For the next 12 weeks, The End Zone will be advice from the "Next Level" series in Referee Magazine. I hope you all take advantage. There is some great advice here. This is a great way to enhance your off-season training. Whether you're a grizzled veteran or a just getting started, this is information we can all use. Enjoy!
WEEK 5: PASSING
1. When in doubt if a pass is forward or backward, rule it forward.
When a pass is thrown, it’s not always easy to draw an imaginary line from the passer to the receiver. An uncaught backward pass may be recovered and advanced by either team. So ruling it backward when it could go either way actually benefits the defense. Calling it an incomplete forward pass is fair to both teams; the offense can’t gain yardage and the defense benefits because the offense has used up one of its downs.
2. When in question on action against the passer, it is roughing the passer if the defender’s intent is to punish.
Remember the prime criteria is whether the contact was unavoidable and part of a legitimate effort to tackle a player holding the ball. If the defender is within one step of the passer, in almost all cases he does not have enough time to react to the release of the ball and legitimate contact should be excused. At the other end of the spectrum is the rusher who is three steps or more away from the passer. In that case, it is clear the defender has enough time to avoid contact.
A defender who is two steps away forces the referee to exercise his judgment. Could the contact have been avoided? In making that decision, it is prudent to consider not only whether the defender had control of his feet, but also the control of his arms. In other words, was he truly trying to make a tackle and couldn’t stop, or was he trying to deliver a blow or otherwise inflict punishment upon the offensive player?
If the referee believes the defender dove at the opponent’s knees for a purpose other than tackling him, it’s a foul. Likewise, any forearm or shoulder to the head should be considered illegal.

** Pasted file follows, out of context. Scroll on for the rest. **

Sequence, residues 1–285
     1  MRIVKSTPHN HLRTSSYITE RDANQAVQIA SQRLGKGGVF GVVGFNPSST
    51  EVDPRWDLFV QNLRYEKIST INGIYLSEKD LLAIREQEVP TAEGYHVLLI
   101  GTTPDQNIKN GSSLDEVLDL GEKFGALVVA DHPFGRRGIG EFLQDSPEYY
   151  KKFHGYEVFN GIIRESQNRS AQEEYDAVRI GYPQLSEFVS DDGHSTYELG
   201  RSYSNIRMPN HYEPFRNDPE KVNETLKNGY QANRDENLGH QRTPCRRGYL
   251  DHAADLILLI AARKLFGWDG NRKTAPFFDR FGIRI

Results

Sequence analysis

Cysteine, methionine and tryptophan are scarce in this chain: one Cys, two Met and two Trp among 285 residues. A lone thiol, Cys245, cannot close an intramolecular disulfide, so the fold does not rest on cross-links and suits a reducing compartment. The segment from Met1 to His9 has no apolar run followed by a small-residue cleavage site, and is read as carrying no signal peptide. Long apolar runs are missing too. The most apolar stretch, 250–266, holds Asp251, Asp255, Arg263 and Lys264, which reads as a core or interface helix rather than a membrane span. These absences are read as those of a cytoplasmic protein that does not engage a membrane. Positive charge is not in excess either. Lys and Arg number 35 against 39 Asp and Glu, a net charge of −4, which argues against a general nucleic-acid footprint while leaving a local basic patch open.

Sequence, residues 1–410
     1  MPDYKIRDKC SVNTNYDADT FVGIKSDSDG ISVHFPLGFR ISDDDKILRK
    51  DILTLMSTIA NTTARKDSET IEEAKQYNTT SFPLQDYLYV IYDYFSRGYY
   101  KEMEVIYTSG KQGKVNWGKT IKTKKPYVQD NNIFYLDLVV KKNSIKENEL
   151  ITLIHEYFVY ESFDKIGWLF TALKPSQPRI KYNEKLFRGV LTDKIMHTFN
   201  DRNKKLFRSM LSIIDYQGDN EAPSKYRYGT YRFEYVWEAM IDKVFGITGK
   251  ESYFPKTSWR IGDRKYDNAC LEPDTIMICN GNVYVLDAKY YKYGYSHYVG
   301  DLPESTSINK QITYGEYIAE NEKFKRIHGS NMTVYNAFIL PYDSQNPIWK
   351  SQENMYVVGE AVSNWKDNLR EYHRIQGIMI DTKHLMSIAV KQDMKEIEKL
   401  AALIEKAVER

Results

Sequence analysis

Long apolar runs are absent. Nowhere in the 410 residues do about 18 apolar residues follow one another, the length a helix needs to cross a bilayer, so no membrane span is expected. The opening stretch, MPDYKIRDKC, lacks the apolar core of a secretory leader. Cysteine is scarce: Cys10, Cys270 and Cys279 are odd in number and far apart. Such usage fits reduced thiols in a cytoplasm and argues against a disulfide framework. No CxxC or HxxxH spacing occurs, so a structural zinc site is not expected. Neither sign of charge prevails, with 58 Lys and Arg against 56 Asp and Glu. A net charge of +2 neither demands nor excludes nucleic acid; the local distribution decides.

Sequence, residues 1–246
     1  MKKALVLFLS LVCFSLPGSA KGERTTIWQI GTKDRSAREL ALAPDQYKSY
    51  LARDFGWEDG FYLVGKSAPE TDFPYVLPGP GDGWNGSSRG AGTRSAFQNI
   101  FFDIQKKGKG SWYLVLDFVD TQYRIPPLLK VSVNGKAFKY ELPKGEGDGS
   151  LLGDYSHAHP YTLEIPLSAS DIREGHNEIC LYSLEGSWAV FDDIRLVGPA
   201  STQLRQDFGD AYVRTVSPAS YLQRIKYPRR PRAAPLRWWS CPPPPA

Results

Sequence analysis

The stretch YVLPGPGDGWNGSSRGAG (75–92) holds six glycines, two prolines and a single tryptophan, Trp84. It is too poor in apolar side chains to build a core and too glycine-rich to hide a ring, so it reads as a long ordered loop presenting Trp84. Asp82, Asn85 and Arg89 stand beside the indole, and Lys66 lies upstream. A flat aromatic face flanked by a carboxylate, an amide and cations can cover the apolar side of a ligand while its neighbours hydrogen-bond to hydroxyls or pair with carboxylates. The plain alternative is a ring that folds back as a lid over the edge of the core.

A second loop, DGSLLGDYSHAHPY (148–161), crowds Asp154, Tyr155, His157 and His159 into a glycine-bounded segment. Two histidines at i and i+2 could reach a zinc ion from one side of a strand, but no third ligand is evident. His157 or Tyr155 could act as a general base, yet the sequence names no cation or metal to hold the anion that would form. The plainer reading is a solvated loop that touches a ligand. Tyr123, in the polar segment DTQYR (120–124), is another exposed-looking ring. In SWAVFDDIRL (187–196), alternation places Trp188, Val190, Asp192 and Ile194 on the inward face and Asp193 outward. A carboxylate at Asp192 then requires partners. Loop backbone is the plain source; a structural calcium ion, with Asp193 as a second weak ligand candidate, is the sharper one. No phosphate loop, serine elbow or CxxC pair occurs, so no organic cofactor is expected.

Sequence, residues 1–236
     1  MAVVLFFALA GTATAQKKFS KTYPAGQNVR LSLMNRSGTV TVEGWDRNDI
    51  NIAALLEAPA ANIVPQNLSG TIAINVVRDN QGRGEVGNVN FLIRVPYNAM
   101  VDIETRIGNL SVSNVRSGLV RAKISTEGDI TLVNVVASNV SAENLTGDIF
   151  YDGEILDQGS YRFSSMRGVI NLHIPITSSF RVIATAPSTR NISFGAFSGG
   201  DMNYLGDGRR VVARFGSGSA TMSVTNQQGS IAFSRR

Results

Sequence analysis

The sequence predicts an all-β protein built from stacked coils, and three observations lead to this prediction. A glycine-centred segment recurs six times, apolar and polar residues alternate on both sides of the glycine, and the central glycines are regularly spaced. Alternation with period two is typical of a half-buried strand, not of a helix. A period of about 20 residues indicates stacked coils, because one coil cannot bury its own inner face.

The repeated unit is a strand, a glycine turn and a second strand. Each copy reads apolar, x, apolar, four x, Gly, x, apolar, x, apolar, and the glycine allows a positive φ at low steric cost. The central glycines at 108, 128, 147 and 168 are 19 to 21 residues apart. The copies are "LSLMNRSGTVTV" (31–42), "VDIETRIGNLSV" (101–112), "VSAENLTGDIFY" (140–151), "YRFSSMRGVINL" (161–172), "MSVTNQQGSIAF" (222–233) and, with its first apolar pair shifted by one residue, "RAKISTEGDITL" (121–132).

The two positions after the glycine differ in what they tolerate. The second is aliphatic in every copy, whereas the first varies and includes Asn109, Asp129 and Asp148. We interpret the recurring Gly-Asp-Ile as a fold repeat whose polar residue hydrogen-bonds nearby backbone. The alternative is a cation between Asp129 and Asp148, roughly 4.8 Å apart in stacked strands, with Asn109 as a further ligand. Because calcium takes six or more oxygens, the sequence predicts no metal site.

3. A late flag when ruling officiating intentional grounding is the optimum procedure.
Two essential elements — duress and the lack of eligible offensive receivers in the area where the pass is thrown — drive the mechanics that make a late flag the optimum procedure. The referee’s primary focus is on the quarterback. If there is duress on the play, the referee must stay with the quarterback a bit longer than usual to ensure that player is not fouled. The opportunity for the referee to watch the flight of the pass is extremely limited. That will only happen if the pass is thrown away from the referee and remains within his field of vision. Consequently, the referee will always know if the pass was released under duress, but will rarely know if there was an eligible offensive receiver in the area where the ball was thrown. That means unless the ball was spiked to the ground for an obvious foul, the referee will not have all the information necessary to throw his flag. For those plays to be called properly, the referee can be assisted by any member of the crew who should run in immediately and tell the referee if the ball went into an area devoid of eligible team A receivers. The referee will then throw a late flag.
4. The referee should drop back the same number of steps as the quarterback drops back.
The referee wants to keep everything in his line of sight. By dropping back with the quarterback, the referee is always the same distance away from the quarterback with his actions and can see the whole picture of the field.
5. If an interception is near the goalline (inside the one yardline) and there is a question as to whether possession is gained in the field of play or end zone, make the play a touchback.
Team B has just made a great play by intercepting a pass deep in its own territory. To make that team start a new series on or inside its own one yardline effectively negates that play. Also, starting a play at the 20 yardline takes some pressure off you, since you won’t spend the next play(s) on the ensuing drive having to decide if a runner was tackled inside or outside his own end zone.
Leave a Reply.
Lance Ulrich has been a football official since 2002, and a member of SEFOA since 2009.